Electromagnetic Spectrum

I’ve been doing some research into RF based audio measurements and what immediately becomes apparent is that using RF based mics for anything is infinitely more complicated than using a cable. Even so there are times when RF based measurements are necessary due to time / distance / etc…

The term “radio frequency” is a man made term and it’s important to keep in mind that prior the the 1860s the only frequencies considered were visible waves.

WIKI – Electromagnetic spectrum

It’s helpful to look at the entire electromagnetic spectrum to understand where both audio frequencies and radio frequencies land. It’s also obvious that what we consider low and high frequencies in the audio world does not relate to the scale of electromagnetic frequencies.

0hz is equal to no frequency. 1hz is obviously a low frequency but is considered ELF (extremely low frequency). The same is true up to 30hz. 30hz to 300hz is considered SLF (super low frequency). 300hz to 3khz is considered ULF (ultra low frequency). 3khz to 30khz is considered VLF (very low frequency). 30khz to 300 khz is considered LF (low frequency). 300khz to 3mhz is considered MF (medium frequency). 3mhz to 30mhz is considered HF (high frequency). Yikes!!!

Obviously our scale and how we perceived frequencies is not in alignment the scale of the electromagnetic spectrum.

Relating to RF mics, we are familiar with the terms VHF and UHF but maybe not clear on what those ranges are in the context of the electromagnetic spectrum.

VHF = 30mhz to 300mhz
UHF = 300mhz to 3ghz (the range where most RF mics currently available are tuned to)

Moving up in the electromagnetic spectrum and skipping over microwaves which are next after radio waves, we eventually get into the visible radiation spectrum which covers a tiny sliver of the electromagnetic spectrum between 400 and 790 terahertz. Infrared (IR) landing between 300ghz and 400 terahertz and ultraviolet radiation (UV).

Staying on topic, for live acoustic measurements our interested in a the ELF to VLF region of the electromagnetic spectrum. One could even argue that what we’re most interested in when measuring live audio is the SLF (super low frequency) region starting at 30hz and going only partially upward into the VLF (very low frequency) range of around 15khz.

How to collect that data over the radio waves? I’ve spent the last few years looking into how to do that accurately and there are two things to share.

1. The list of tools is growing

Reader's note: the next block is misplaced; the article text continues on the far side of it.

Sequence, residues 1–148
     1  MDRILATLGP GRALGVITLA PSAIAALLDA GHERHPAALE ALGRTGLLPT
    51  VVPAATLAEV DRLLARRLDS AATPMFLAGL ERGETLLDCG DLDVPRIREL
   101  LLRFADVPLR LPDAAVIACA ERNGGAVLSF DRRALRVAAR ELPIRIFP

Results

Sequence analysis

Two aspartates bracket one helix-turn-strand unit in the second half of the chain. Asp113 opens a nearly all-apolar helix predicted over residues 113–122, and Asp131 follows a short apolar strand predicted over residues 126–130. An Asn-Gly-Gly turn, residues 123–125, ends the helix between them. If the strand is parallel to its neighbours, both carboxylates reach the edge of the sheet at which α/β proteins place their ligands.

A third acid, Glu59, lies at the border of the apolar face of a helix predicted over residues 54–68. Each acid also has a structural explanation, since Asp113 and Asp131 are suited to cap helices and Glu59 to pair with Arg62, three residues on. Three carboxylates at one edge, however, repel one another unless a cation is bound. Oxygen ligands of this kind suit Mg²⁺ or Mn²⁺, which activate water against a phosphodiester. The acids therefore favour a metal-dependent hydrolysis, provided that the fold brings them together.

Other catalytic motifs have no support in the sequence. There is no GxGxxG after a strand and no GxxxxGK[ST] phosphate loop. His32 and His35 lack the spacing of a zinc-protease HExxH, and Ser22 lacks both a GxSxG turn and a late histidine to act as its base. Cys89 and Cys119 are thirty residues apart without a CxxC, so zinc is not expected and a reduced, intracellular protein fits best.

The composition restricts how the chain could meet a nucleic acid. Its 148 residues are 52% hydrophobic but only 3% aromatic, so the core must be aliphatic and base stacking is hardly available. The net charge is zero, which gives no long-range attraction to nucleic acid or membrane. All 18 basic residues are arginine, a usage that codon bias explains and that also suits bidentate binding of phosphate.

2. The existing tools are relatively expensive

Compare a 100′ XLR cable to a Lectrosonics TM400 wireless measurement kit and the difference is startling.

100′ XLR = $25 to $75
TM400 kit = $2000

So why would someone spend $2000 on a wireless measurement rig when they can spend less than $100 on an XLR cable. One word. “TIME”! A typical procedure I’ve witnessed where a single mic gets moved around a venue to optimize each system / sub system might require hours to complete using an XLR cable. With a wireless measurement rig? Maybe 30 minutes to an hour. Maybe less.

As the available RF spectrum shrinks, manufacturers of pro audio wireless gear are forced to make changes to their products. The change that made RF measurement possible was a system that didn’t use a compander circuit which makes measuring audio with standard wireless gear inaccurate. Lectrosonics Digital Hybrid system was the first system I am aware of to allow for wireless measurements in the UHF range. If there were others first, please let me know. Next was Line 6’s 2.4ghz based X series which aren’t specifically designed for working with a measurement mic but have been adapted for that purpose by some. Most recently I learned that any of the 100% digital RF systems sold by Zaxcom in the UHF range are capable of accurately transmitting the desired data between transmitter and receiver. If the available RF spectrum continues to shrink, we may witness all pro audio wireless manufacturers moving in the 100% digital direction which may bring the cost of RF based measurement down. In the meantime, if you want an off the shelve solution that you can plug your existing measurement mic into, your options are limited.